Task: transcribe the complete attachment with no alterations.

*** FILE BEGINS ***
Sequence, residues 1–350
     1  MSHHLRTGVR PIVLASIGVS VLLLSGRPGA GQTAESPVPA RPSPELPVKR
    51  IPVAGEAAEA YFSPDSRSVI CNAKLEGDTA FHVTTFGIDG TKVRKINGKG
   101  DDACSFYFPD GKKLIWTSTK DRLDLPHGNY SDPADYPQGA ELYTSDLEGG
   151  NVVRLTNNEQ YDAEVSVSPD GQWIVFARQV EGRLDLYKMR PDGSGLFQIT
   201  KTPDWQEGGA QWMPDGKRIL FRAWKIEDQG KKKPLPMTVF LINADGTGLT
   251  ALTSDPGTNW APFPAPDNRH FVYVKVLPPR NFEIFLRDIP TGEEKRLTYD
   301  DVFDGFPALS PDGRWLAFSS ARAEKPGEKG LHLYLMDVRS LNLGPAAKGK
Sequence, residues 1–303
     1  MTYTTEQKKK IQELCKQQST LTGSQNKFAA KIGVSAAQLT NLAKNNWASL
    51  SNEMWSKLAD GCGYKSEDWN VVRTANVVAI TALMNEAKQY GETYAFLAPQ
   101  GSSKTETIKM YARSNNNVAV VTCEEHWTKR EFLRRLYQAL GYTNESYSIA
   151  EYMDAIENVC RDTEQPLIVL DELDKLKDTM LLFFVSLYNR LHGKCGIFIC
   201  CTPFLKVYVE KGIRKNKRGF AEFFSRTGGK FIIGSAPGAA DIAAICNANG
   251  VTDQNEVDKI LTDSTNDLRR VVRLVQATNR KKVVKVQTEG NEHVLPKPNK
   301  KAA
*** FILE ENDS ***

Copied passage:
Sequence, residues 1–350
     1  MSHHLRTGVR PIVLASIGVS VLLLSGRPGA GQTAESPVPA RPSPELPVKR
    51  IPVAGEAAEA YFSPDSRSVI CNAKLEGDTA FHVTTFGIDG TKVRKINGKG
   101  DDACSFYFPD GKKLIWTSTK DRLDLPHGNY SDPADYPQGA ELYTSDLEGG
   151  NVVRLTNNEQ YDAEVSVSPD GQWIVFARQV EGRLDLYKMR PDGSGLFQIT
   201  KTPDWQEGGA QWMPDGKRIL FRAWKIEDQG KKKPLPMTVF LINADGTGLT
   251  ALTSDPGTNW APFPAPDNRH FVYVKVLPPR NFEIFLRDIP TGEEKRLTYD
   301  DVFDGFPALS PDGRWLAFSS ARAEKPGEKG LHLYLMDVRS LNLGPAAKGK
Sequence, residues 1–303
     1  MTYTTEQKKK IQELCKQQST LTGSQNKFAA KIGVSAAQLT NLAKNNWASL
    51  SNEMWSKLAD GCGYKSEDWN VVRTANVVAI TALMNEAKQY GETYAFLAPQ
   101  GSSKTETIKM YARSNNNVAV VTCEEHWTKR EFLRRLYQAL GYTNESYSIA
   151  EYMDAIENVC RDTEQPLIVL DELDKLKDTM LLFFVSLYNR LHGKCGIFIC
   201  CTPFLKVYVE KGIRKNKRGF AEFFSRTGGK FIIGSAPGAA DIAAICNANG
   251  VTDQNEVDKI LTDSTNDLRR VVRLVQATNR KKVVKVQTEG NEHVLPKPNK
   301  KAA